But even if you restrict your interpretive efforts to a single body of sacred writings, it is often difficult to discern what God has commanded.  It often occurs that one passage can be interpreted one way, while some other passage can be interpreted in a contrary way.  Determining which command is the relevant command God has intended for you to follow in your current circumstances is fraught with complications.  As many students of the Bible, the Torah, and the Koran can attest, it is reasonably easy to find passages to support contradictory commands.  Just another reason for the prevalence of moral dilemmas in Deontological Ethics.  What this means in practice, however, is that the "accepted cannon" of rules within each religious sect is an interpretation of a selected subset of the sacred writings often shared by other sects.  Because of the complexities inherent in selecting suitable subsets of the sacred writings, and properly interpreting those writings to discern just what God actually commands for a given moral problem, many religious sects establish a position of an "infallible shaman".  This is a person or position to whom is delegated the task of selecting and interpreting the Word of God, and discerning the Commands of God that apply to the problem at hand.  This person or position is assumed to be in communication with God, and whose moral judgement is therefore deemed to be infallible and thus unchallengeable.  The prime example of this position is the Pope of the Catholic Church.  When he is speaking "ex cathedra", his dictates are deemed infallible and unchallengeable.  Similar positions exist in many religious sects, although it may not be as reified as the Catholic Pope.  And this raises the question of the standards that are being used to control the selection and interpretation of the Word of God.  Given the plethora of religious sects that exist around the world, one has to ask how they are picking the portions of text that they choose to sanctify.  What separates the Sunis from the Shias, the Baptists from the Methodists, the Orthodox from the Modern?  Is there a hidden standard of "Right" and "Good" at work here, independent of the written word?

A third problem stems from the fact that even though "God said it! I believe it!" you can still ask yourself "Why be Moral?"  --  "Why should I follow God's commands?"  Even if I am a devout believer in the existence  of God, what reason do I have to follow God's commands.  Even if God is the Creator of the Universe (and so forth), why should I follow Her commands?  Why is creating the Universe (and so forth) worthy of my respect and worship?  And (assuming that question is answered to your satisfaction) how does respect and worship translate into unquestioning obedience to God's commands?  According to the theory, God created us "in his own image".  But surely that means that She endowed us with the ability to reason and the power of foresight.  Why should I ignore those God-given talents, and blindly follow her commands?  Now, the obvious first-approximation answer to that challenge is that it is in my own self-interest.  That is why all formal religions incorporate some concept of Heaven and Hell (to use the standard Christian labels)  -- good little boys and girls wind up in Heaven, while bad little boys and girls wind up in Hell.  But this answer confuses the deontological nature of Divine Command Ethics with some form of Consequentialist ethics.  If you are worried about your self-interest, then you are not undertaking moral obligations because they arise from God's commands.  You are obeying God's commands with the same motivation as you obey the local traffic laws.  So what now separates God's Commands from the laws of the local legislature?  And if you do not consider your own self-interest when contemplating God's commands, then the question returns at a deeper level -- "Why be Moral?"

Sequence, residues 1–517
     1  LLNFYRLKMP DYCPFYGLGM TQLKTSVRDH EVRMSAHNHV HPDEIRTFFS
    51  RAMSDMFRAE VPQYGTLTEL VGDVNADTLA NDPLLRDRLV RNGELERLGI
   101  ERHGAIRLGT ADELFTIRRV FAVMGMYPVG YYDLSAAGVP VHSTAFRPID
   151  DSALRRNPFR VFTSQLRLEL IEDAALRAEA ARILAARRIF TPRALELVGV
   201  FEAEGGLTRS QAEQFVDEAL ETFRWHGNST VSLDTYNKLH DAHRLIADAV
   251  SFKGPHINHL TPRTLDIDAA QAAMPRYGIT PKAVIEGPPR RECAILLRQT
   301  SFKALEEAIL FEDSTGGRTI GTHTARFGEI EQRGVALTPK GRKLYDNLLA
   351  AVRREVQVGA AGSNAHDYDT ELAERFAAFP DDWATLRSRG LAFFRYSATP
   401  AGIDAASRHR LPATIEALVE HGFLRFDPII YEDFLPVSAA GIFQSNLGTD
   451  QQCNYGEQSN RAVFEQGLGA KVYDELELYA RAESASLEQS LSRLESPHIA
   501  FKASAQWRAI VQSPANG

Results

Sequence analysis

The forth problem for Divine Command Ethics was identified by Socrates circa 399 BC.  The "Euthyphro Dilemma" is found in Plato's Euthyphro dialogue, in which Socrates asks Euthyphro, "Is the pious loved by the gods because it is pious, or is it pious because it is loved by the gods?"  In modern parlance -- is an action right (morally obligatory) because it is commanded by God, or has God commanded it because it is right (morally obligatory)?  If one accepts the first horn of the dilemma, (the position commonly known as Theological Voluntarism(4) then one is accepting that God's commands can be arbitrary and capricious, adhering to no other standard of right and wrong that God's whimsy.  If one accepts the other horn of the dilemma, then one is accepting that there exists a standard of rightness and morality that is independent of God's commands.  On the one hand, God might command things that we intuitively think are obnoxious (and a selective reading of the Bible would cerrtainly reinforce that conclusion).  On the other hand, if we can study and learn about that external standard of right, then what do we need God for?  Obviously, neither horn of this dilemma is attractive to adherents of Divine Command Ethics.  If one tries to avoid the dilemma by arguing that God's very nature is the standard of value (or justice), then one is accepting that the statement "God is good" is equivalent to the statement "God is approved of by God" -- a meaningless tautology and not an appealing alternative either.  In his article "Divine Command Theory", Quinn(4) argues that "God's essential perfect goodness entails God's essential justice. So though God is not under an obligation to be just, God is just by a necessity of the divine nature. It is the divine nature itself, and not divine commands or intentions, that constrains the antecedent intentions God can form."  But this, of course, requires an extra-theological explanation of what is "goodness" or what is "justice".  A point significantly ignored by Quinn.